Sarah Palin’s Dying Breed of Christianity

By Christian Piatt 5-01-2014
Sarah Palin in Plano, Texas in 2009, Jennifer A. Walz /
Sarah Palin in Plano, Texas in 2009, Jennifer A. Walz /

Most people in their right minds consider Sarah Palin’s statement about using waterboarding to “baptize” terrorists as insensitive at the very least. It further reinforces the notion that she will say or do nearly anything to grab a headline, even if it is at the expense of her own integrity, and perhaps that of her political cohorts or even her faith.

She’d be doing all of us a favor if she’d simply stop talking publically. But in as much as she continues to be afforded a microphone and speaking pulpit, we get to bear witness to her attempts to improvise a caricature of herself on the fly.

Perhaps the most disturbing part of the statement to me is not the brazenness of it, or even the apparent lack of self-awareness or personal filter. It’s that she’s actually speaking on behalf of a significant – albeit shrinking – subset of Christian culture in the United States. It’s the strain that believes that the Prayer of Jabez (a prayer about expanding one’s spiritual territory) is a Manifest Destiny of sorts from Jesus to his followers. We’re to reach to all corners of the earth, emboldened with a “be assimilated or be eliminated” mentality at our backs.

Though this sort of violent rhetoric and behavior enjoyed its peak some centuries ago during the Crusades, the vestiges of imperialist Christian entitlement lingers even today. But the reason that such statements, even if uttered by someone in a position of public influence, come off as silly and absurd rather than chilling is because the beast of Christendom has, in large part, been defanged by the post-Christian culture.

In short: the rest of the world has stopped paying much attention.

At this point, talking heads like Sarah Palin serve more as a desperate rallying cry to a dying tribe of Christian extremists, rather than as a galvanizing voice that carries any particular gravity. In the subtext of her acerbic claims is the message that, despite all appearances, we still have power. We matter. The rest of the world can – and should – fear us because we have Jesus on our side.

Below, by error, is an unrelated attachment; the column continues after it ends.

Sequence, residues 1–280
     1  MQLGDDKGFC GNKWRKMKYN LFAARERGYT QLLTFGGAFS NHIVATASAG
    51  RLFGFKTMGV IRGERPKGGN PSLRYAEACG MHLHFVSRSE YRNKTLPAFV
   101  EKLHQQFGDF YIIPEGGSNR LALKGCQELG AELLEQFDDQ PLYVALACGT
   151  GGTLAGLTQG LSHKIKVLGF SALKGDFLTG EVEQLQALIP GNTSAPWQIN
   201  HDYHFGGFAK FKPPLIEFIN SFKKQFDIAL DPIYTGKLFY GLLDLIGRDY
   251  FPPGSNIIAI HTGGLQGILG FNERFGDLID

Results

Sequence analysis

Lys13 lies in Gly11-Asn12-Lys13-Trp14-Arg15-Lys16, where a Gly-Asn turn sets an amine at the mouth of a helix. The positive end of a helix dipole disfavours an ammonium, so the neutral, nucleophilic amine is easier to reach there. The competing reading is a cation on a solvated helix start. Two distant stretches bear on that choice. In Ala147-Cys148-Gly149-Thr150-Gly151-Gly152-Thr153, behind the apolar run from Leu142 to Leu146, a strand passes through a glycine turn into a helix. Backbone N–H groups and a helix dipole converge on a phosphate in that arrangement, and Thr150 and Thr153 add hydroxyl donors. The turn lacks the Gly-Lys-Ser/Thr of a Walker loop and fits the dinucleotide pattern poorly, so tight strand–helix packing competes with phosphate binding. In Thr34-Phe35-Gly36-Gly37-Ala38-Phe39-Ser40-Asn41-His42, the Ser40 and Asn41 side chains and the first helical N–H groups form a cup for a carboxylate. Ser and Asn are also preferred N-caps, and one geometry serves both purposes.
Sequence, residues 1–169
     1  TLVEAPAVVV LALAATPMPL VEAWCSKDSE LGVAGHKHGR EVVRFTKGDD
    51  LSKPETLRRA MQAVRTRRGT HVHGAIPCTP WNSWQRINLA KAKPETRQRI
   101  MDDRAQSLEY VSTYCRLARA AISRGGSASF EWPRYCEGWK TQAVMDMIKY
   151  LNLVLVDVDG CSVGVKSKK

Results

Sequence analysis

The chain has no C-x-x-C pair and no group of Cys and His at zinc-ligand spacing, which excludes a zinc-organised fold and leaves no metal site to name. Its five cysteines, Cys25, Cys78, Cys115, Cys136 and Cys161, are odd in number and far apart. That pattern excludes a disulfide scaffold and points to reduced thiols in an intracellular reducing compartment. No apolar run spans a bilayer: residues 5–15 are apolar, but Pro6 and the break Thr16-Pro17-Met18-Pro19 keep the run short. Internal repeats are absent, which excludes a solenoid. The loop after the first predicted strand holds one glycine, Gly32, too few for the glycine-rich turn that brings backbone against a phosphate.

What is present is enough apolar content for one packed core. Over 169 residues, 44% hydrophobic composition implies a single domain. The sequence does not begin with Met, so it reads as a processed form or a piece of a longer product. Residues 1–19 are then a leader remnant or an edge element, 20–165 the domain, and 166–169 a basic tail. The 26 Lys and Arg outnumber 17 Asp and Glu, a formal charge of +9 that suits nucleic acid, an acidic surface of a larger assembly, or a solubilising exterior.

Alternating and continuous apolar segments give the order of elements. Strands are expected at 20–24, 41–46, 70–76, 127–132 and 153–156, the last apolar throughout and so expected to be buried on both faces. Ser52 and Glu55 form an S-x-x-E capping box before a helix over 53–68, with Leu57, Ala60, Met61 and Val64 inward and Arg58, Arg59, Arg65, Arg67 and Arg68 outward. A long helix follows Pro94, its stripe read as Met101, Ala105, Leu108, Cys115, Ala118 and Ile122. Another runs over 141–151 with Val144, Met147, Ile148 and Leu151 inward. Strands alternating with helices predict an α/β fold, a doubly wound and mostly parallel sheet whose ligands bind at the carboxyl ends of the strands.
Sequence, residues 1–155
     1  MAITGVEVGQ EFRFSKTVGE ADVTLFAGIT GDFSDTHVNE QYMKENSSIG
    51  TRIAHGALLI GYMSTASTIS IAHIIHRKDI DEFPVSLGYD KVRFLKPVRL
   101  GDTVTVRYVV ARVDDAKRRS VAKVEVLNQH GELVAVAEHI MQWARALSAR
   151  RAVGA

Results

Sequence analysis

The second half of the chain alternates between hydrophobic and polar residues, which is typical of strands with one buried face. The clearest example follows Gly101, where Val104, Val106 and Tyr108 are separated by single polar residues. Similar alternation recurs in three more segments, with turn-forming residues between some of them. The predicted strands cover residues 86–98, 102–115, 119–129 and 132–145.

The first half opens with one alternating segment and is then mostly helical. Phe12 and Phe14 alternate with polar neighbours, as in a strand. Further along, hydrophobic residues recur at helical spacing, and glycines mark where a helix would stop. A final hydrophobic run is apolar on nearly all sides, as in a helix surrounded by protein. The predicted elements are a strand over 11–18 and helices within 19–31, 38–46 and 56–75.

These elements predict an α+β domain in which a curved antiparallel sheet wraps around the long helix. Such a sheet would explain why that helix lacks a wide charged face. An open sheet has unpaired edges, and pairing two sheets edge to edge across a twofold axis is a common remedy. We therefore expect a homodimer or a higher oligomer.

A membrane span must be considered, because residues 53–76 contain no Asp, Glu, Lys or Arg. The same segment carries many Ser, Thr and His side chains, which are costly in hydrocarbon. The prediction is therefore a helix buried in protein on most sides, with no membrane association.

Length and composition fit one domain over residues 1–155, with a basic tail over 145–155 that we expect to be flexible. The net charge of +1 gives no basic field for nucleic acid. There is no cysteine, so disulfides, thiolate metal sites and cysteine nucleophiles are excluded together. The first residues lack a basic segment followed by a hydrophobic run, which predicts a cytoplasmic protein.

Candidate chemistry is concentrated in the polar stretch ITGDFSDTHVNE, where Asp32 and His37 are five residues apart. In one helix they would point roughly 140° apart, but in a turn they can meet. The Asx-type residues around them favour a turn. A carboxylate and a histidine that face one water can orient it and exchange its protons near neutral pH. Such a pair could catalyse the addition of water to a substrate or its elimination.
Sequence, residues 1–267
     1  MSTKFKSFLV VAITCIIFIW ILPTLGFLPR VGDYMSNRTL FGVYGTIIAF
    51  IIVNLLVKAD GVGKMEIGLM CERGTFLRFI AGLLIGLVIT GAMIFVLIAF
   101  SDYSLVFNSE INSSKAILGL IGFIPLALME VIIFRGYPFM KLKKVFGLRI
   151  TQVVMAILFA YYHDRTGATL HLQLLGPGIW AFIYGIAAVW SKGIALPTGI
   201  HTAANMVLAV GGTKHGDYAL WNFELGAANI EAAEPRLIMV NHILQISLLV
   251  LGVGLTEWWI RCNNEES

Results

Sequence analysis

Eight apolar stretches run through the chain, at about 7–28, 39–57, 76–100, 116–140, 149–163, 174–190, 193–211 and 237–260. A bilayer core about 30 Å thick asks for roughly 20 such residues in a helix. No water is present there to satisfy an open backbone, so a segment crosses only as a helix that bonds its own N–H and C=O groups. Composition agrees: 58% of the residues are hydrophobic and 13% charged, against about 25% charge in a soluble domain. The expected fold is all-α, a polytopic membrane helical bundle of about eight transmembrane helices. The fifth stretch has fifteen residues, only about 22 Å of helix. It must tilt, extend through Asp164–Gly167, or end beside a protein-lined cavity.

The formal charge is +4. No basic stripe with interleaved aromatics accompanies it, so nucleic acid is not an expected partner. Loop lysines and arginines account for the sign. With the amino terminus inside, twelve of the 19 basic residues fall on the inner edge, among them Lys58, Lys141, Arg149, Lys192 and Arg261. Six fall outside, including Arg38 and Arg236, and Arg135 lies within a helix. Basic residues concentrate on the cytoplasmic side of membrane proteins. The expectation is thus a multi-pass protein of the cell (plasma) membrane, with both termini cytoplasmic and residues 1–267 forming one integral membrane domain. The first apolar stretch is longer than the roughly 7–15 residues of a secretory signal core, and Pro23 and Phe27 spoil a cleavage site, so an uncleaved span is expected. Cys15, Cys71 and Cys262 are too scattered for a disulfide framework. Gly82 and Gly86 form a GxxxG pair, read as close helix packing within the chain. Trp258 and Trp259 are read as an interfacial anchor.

Ironically, this is about as far from the Christian path as one can be, while still claiming it as a faith. Were Jesus to return, he would challenge such imperialist forces head-on, not with his own “shock and awe” campaign, but with his radical “third way” thinking and living that, simply be existing, subverts the systems of power that consider it a threat.

The good news is that the continued decline of such a distorted view of the Christian gospel does create room for creative, collaborative re-imagination of our faith. And such a divinely inspired conspiracy is not relegated simply to emergents, progressives, or even all of mainline Christianity; increasingly, evangelicals are joining in.

And when hearts and minds come together with the intent of seeking humble, transforming gospel truth rather than a foothold on slipping power, beautiful, amazing, and unexpected things can and will happen.

Christian Piatt is a Sojourners Featured Writer and an author, editor, speaker, musician, and spoken word artist. He is director of church growth and development at First Christian Church in Portland, Ore. Christian is the creator and editor of Banned Questions About The Bible and Banned Questions About Jesus . His memoir on faith, family and parenting is called PREGMANCY: A Dad, a Little Dude and a Due Date.

Image: Sarah Palin in Plano, Texas in 2009, Jennifer A. Walz /

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